When people with autism have a run-in with police officers, things can sometimes get ugly because of a simple lack of communication between the two groups. Stimming and other behaviors a person with autism exhibits when under stress can cause them to appear guilty of criminal behavior or being under the influence of drugs. Situations involving police officers and other first responders can also be very anxiety-provoking for people with autism, causing them to fail to comply with orders or lose their ability to communicate. If those first responders don’t know they’re dealing with a citizen on the autism spectrum, they might take unnecessary steps to try to control the individual, potentially leading to physical and emotional harm.
Officer Scott Bailey, from Pittsburgh, however, knows it doesn’t have to be like this. There are already several tools people with autism and their families can use to communicate with police officers and other first responders during an emergency, but they are under-utilized. You can get a sticker for your car or home, for example, that lets emergency personnel know that there may be an autistic rider in the vehicle or house. There are also communication cards for autistic people to let police officers know that they have autism and might struggle to communicate or follow instructions properly in a high-stress situation. The District Attorney’s office also offers tracking devices for people with autism who are likely to wander off or run away from caretakers.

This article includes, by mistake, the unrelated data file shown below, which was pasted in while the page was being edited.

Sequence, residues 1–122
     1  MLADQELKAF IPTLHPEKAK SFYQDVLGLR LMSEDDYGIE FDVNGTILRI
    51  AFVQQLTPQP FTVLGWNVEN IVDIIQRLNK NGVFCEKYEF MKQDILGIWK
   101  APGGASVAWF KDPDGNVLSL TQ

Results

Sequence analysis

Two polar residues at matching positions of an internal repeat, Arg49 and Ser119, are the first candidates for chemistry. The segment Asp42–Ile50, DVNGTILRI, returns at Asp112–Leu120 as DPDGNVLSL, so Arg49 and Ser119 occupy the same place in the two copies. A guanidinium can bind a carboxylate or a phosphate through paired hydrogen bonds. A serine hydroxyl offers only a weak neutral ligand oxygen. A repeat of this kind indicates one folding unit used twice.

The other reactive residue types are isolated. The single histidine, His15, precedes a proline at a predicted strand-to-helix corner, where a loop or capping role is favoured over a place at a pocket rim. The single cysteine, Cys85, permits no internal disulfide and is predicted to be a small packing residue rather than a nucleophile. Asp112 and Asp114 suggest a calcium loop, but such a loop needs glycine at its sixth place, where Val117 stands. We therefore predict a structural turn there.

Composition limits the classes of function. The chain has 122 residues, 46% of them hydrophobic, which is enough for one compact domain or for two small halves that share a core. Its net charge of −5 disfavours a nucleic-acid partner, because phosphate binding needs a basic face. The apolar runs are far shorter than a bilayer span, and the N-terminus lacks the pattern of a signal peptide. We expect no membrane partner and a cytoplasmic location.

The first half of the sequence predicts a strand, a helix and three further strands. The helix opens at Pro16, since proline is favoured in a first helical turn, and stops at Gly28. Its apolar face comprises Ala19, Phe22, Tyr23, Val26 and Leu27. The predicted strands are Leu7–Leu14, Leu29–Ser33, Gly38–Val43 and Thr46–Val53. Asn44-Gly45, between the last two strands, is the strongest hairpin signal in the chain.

Officer Bailey, who has two sons on the autism spectrum, hopes that adding another tool to the arsenal for autistic families will help first responders understand what’s going on and be able to help. He wants to add a special marker to the ID cards or driver’s licenses of people with autism so officers will immediately see upon asking for a person’s ID that the individual has a disorder and may act in unexpected ways because of it. The marker would be voluntary for people on the spectrum, so those who don’t want to be labeled as autistic won’t have to get it, but having it may help keep them safe and make it easier for police to respond appropriately to the situation.
“This way when law enforcement officers encounter somebody that has autism, they can understand autism is a hidden disability and sometimes it can mask as if they were doing illicit drugs or committing a crime,” Officer Bailey said.
Pennsylvania State Senator Lindsey Williams has agreed to help push the idea forward and has been instrumental in getting the issue into the public eye.
For now, Officer Bailey is spreading the word about the tools that already exist and teach other police officers and emergency responders how to recognize that a person they’re dealing with may have autism and how to respond. He has helped create an instructional DVD being used all over the country to equip police officers with the tools to identify and respond to autism.
“I would like to have everybody safe. Everybody goes home,” Officer Bailey said.
In the video below learn more about this police officer’s ambitious efforts to keep people like his sons, Trevor and Trent, safe in the video below.
Elizabeth Nelson is a wordsmith, an alumna of Aquinas College in Grand Rapids, a four-leaf-clover finder, and a grammar connoisseur. She has lived in west Michigan since age four but loves to travel to new (and old) places. In her free time, she. . . wait, what’s free time?